MAY DECEMBER (directed by Todd Haynes, 2023)
Best Picture of the Year?? It could well be -- there's still a month and a half to go. But be forewarned, this film packs a wallop of a kind that is truly a rare cinematic commodity these days. Caroline and I went to a screening last night with our friend Jon Surgal at the Director's Guild of America on West 57th Street. We were all devastated by Todd Haynes's latest opus (which is being advertised as a black comedy/drama! It is emphatically NOT a comedy -- leave it to the marketing guys). It is a rich, complex, mature, and fully nuanced journey into the essence of human relationships (Life as we live it, in other words), boasting two powerhouse performances by Nathalie Portman and Julianne Moore and a standout turn from Charles Melton. People will debate the ending for days; the film doesn't resolve in any neat schematic formulation, just like Life -- and folks who like their cinema juicy and rare will want to see it again and again, the surface detail comes so thick and fast on the eye and ear without telegraphing any of its punches that every moment is a WTF moment. And if you see it with a friend or an enemy, you are bound to debate for hours the nature of what you just saw. The heavy influence of Ingmar Bergman (Persona mainly) and Joseph Losey abound (the soundtrack music is mainly Michel Legrand's score for Losey's The Go-Between, repurposed and re-orchestrated -- Haynes fell in love with his needle drop scratch track, apparently). I don't want to get into the nitty-gritty of the plot here; I haven't even looked at this trailer above (which might suck, dunno) -- but the film most definitively does not suck. It is just superb. Haynes did a Q&A at the end, and he was super-articulate about something -- let us say, for argument's sake, the overwhelming immanence of his creation -- something that was pretty much beyond words.
HOW TO COME ALIVE WITH NORMAN MAILER (directed by Jeff Zimbalist, 2023)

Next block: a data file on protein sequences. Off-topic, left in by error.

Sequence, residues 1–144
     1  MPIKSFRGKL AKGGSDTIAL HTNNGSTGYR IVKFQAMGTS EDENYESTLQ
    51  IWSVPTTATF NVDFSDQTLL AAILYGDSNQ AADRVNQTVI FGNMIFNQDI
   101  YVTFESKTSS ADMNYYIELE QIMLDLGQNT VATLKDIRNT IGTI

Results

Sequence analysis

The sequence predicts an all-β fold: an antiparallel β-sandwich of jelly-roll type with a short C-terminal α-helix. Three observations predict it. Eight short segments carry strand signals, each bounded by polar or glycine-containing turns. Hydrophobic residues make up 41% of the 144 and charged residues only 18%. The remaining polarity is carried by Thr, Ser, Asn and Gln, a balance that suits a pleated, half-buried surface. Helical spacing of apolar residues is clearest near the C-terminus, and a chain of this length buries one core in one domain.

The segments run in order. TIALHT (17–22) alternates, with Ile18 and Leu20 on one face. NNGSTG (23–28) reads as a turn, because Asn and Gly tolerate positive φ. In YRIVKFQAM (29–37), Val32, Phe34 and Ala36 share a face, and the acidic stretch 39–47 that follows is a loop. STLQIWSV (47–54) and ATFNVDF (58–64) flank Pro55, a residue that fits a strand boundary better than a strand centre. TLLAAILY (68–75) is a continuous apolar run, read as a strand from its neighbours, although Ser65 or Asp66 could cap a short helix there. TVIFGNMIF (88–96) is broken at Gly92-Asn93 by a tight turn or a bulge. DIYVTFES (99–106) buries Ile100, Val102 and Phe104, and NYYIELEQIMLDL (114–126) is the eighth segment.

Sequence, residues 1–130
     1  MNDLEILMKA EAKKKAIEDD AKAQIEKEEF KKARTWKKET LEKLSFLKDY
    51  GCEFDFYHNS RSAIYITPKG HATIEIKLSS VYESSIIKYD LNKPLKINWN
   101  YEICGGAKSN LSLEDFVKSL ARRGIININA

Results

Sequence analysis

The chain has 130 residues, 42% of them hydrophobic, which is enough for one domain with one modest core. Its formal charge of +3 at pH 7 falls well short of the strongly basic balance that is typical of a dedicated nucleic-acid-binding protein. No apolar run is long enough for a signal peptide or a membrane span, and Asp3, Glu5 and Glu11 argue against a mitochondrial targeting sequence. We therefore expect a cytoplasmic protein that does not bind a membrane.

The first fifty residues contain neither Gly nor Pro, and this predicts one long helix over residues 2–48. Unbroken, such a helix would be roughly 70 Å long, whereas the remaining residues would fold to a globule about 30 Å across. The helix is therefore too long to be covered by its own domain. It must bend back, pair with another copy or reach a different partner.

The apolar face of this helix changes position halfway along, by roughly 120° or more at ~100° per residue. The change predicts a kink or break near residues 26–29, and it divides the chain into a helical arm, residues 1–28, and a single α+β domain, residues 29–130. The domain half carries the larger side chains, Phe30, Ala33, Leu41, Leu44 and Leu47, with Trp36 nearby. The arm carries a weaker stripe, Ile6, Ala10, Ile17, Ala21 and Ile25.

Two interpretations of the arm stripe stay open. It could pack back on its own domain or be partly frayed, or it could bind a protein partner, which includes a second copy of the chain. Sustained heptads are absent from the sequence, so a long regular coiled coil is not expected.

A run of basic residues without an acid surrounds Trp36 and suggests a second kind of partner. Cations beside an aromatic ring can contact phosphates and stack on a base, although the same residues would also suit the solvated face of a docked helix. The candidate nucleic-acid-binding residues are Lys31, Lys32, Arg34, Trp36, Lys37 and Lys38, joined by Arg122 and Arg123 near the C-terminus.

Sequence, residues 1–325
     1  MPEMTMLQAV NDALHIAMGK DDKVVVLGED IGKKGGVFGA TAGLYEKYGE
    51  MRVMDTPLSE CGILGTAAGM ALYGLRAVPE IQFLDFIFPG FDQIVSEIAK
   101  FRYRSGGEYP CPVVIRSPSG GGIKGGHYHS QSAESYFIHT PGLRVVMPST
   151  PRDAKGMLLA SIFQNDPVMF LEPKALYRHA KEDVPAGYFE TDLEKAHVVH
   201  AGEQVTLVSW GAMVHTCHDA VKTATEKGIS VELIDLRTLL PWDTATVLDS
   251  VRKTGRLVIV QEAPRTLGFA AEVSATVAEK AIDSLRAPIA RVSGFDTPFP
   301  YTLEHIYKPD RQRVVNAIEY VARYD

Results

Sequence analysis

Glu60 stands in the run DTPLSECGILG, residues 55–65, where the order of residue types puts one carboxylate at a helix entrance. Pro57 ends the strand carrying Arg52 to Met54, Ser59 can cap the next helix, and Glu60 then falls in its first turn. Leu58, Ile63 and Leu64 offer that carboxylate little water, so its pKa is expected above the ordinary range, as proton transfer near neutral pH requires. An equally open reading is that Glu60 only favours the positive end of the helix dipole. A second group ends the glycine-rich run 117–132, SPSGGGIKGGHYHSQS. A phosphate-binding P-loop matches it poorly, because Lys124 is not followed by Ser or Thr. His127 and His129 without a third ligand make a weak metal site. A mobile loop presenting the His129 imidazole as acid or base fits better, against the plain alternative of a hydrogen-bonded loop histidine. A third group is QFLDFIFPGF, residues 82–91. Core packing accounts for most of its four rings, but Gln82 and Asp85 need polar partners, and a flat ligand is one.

Caroline Sinclair and I went to a screening of HOW TO COME ALIVE WITH NORMAN MAILER (d. Jeff Zimbalist) last night at the IFC DocFest. And quite an entertaining and impressive doc it was, all about that nice Jewish (Bad) Boy -- the boozing brawling schtupping rebel-rousing public intellectual litterateur who'd been an anti-hero of mine since junior high school (though I admittedly bugged on him after l'affaire Jack Henry Abbott -- but hey no one's perfect). This was like Norman's Greatest Hits thrown into a Hamilton Beach blender -- a few signal moments were missing, such as Norman's essay on Bertolucci's Last Tango in Paris, which initially ran in but you can't have everything. Most of the high and low points from Norman's 80-odd years on earth were there for all to see, warts and all (let me recount the ways -- nah, better you see this when it runs on Showtime). The only letdown was the score, which was overall too loud in the mix and got downright quasi-religious at the end, marking the hour of his passing (funny 'cause Norman used similar pompous music cues ironically in his little-known but worth seeing directorial disaster Tough Guys Don’t Dance). Overall, though, I'd give this doc an "E" for Excellent. Executive produced by Norman's son / our friend John Buffalo Mailer -- who was once named "Sexiest Man Alive" by People Magazine. That makes three, count them three, SMA's I've known up close and personal, so dubbed by that same mag. In no particular order: John Buffalo, Jeff Buckley, and Harry Hamelin. A veritable trifecta.